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Home News and Update Year 2011 Cancers caused by tobacco highest in city women

Cancers caused by tobacco highest in city women

Times of India
23 September 2011
By, Kounteya Sinha
New Delhi, India

Cancers caused by tobacco is the highest among men from Kolkata and least among those from Mumbai in the four metropolitan cities. Among women, tobacco–related cancers were highest in those from Chennai and least among women in Delhi.

According to the Indian Council of Medical Research’s ‘Cancer associated with the use of tobacco’ report, nearly 44.4% of all cancers in men in Kolkata are because of tobacco, followed by Chennai (41.4%), Delhi (39.4%) and Mumbai (39.2%). Also, women from Chennai record the highest number of tobaccorelated cancers (15.2%), followed by Mumbai (13.5%), Kolkata (12.3%) and Delhi (11%).

Besides the four metropolitan cities, the burden of tobacco–associated cancers is acute even in other cosmopolitan cities like Bangalore and Pune. Almost 35% of all cancers in men and 14.3% of all cancers in women from Bangalore are related to tobacco consumption. In Pune, 39.3% of all cancers in men and 16.8% of all cancers in women are associated with tobacco.

However, among the 20 cancer registries surveyed, the burden of tobacco–related cancers is the most acute in Dibrugarh district in both men and women. Around 57% of all cancers in men and 26.3% of all cancers in women in Dibrugarh were tobacco–related. Experts said, “In most societies, smoking rates are higher for men than women but more men than women are giving up, and in some societies the number of female smokers is rising.”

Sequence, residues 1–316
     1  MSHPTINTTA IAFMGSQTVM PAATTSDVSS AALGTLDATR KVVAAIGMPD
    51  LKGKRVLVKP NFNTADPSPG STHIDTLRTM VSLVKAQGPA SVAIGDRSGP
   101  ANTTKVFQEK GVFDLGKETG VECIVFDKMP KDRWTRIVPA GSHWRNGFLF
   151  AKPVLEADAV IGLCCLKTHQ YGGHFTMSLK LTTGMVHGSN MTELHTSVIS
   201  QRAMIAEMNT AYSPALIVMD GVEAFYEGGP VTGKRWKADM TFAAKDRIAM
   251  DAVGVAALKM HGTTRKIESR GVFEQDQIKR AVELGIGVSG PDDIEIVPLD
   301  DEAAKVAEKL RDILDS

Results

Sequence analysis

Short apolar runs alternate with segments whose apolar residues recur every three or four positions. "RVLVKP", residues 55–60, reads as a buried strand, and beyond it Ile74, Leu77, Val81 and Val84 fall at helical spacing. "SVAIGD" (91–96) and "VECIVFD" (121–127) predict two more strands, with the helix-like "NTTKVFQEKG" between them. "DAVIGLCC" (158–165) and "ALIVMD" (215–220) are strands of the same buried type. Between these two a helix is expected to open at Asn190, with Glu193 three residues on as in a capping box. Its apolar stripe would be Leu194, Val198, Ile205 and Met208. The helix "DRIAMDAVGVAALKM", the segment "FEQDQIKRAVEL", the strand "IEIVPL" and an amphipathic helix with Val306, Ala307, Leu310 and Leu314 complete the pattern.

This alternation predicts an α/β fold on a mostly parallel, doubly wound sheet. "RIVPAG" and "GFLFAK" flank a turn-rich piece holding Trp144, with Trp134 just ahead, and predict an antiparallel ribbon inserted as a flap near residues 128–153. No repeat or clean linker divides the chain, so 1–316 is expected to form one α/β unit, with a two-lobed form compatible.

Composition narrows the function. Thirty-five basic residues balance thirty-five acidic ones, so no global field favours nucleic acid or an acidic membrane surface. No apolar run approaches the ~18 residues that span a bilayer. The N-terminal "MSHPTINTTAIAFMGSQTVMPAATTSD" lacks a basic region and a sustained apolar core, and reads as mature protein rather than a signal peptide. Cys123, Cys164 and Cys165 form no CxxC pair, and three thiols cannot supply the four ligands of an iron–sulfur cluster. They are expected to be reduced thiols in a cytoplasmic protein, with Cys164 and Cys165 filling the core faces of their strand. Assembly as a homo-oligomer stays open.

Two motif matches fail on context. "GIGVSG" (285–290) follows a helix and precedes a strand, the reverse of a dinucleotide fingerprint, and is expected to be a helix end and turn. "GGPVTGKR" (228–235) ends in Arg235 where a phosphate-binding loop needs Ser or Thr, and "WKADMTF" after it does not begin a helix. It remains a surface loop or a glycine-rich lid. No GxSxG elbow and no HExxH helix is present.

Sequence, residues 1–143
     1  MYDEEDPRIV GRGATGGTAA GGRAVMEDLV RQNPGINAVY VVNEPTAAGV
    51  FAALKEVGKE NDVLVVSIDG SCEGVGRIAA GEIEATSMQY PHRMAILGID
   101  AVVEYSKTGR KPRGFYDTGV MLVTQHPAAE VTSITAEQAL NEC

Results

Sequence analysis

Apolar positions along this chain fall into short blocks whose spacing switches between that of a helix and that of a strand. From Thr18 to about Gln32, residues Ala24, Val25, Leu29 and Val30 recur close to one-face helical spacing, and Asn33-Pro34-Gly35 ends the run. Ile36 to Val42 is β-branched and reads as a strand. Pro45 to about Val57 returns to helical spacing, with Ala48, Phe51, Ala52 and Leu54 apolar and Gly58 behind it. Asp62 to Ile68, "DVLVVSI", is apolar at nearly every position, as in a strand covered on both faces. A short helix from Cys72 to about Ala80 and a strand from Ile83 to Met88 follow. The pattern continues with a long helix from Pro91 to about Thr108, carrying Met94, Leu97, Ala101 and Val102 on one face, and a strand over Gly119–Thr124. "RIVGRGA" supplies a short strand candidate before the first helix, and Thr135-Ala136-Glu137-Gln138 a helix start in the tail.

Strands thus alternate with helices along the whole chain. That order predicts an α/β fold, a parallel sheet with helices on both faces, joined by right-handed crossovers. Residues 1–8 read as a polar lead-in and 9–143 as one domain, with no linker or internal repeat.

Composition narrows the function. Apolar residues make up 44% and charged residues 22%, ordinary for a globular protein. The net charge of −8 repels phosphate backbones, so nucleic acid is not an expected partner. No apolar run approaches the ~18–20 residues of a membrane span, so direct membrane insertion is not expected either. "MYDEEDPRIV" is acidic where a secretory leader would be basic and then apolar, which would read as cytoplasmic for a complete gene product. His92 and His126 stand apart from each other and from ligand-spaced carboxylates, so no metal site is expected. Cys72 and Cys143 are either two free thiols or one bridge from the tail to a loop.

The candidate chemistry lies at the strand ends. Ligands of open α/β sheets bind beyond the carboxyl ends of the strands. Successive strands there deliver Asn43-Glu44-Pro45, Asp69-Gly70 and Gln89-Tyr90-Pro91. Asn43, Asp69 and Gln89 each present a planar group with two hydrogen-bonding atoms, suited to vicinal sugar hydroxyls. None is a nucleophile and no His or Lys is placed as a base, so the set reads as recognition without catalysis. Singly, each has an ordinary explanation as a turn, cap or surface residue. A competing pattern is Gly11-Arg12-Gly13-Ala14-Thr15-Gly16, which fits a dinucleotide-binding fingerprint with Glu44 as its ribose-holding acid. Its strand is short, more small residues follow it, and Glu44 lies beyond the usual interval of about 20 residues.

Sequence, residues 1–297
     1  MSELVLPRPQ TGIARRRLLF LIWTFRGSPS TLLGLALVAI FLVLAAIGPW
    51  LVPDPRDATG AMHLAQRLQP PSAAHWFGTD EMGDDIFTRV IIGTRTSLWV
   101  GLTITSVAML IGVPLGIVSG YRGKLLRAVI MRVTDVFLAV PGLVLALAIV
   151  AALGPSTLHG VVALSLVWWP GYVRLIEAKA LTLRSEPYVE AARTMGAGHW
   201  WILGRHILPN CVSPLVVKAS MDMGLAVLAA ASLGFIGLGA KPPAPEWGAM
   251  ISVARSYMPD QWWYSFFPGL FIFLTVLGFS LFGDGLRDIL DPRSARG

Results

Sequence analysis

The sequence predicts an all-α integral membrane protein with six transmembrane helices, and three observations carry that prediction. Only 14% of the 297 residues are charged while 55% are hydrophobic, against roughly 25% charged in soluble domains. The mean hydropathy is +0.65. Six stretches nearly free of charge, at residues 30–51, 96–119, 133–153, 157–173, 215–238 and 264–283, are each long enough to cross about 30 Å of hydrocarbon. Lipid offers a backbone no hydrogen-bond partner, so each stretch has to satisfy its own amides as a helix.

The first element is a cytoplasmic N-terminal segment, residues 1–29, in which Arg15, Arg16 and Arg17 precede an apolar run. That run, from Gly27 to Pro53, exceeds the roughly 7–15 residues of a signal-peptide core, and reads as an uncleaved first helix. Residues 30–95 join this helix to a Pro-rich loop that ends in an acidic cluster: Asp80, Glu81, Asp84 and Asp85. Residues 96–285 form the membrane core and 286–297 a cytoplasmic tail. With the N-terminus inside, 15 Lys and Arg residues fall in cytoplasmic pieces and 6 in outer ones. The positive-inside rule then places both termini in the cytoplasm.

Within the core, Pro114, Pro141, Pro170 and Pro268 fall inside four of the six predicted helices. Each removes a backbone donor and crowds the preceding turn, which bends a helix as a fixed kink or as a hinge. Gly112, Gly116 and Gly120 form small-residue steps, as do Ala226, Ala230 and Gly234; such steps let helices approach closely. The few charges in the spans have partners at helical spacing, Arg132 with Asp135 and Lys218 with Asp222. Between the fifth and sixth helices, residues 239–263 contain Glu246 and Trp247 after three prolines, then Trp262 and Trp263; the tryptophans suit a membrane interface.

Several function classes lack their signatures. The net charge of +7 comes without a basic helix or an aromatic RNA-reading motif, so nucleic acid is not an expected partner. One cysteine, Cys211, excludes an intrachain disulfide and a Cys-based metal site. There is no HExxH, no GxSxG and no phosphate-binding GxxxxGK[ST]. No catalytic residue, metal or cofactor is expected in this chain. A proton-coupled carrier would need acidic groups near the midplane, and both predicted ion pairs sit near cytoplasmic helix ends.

Killer Addiction
  • Women from Chennai record the highest number of tobacco–related cancers at 15.2%
  • They are followed by women from Mumbai (13.5%), Kolkata (12.3%) and Delhi (11%)
  • Among men, Chennai (41.4%) ranks second behind Kolkata, which records 44.4% Incidence of tobacco–related cancer also acute in cities like Pune and Bangalore Tobacco leads to 57million deaths worldwide each year
Dr Vinod Raina, director of medicaloncology atAIIMS, said, “One–third of all cancers in India are due to tobacco — chewing or smoking. India needs toimmediately strengthen its antitobacco programme and launch it acrossthecountry.”
Tobacco kills nearly 5.7 million people worldwide each year, including 5.1 million people who die from their own smoking. The World Health Organisation saysthatsmoking istheworld’sleading cause of preventable death. It causes 1 in 10 deaths among adults worldwide. At the current rate, the death toll is projected to reach more than 8 million annually by 2030 and a totalof one billion deaths in the 21st century.
Second–hand tobaccosmokeisequally dangeroustohealth. In India, 34.6%of adultsusetobaccoin some form, of which 47.9% are male and 20.3% are female. There are more than 4,000 chemicals in tobacco smoke, of which at least 250 are known tobeharmful and morethan 50 areknown tocausecancer.

Women comprise about 20% of the world’s more than 1 billion smokers.Both men andwomen who smoke are pronetocancer,heartdisease and respiratory disease.

Experts say that 90% of all lung cancer deaths in women smokers are attributable to tobacco. ndia is the second biggest producer of tobacco after China and the fourth–biggest exporter of unmanufacturedtobacco.

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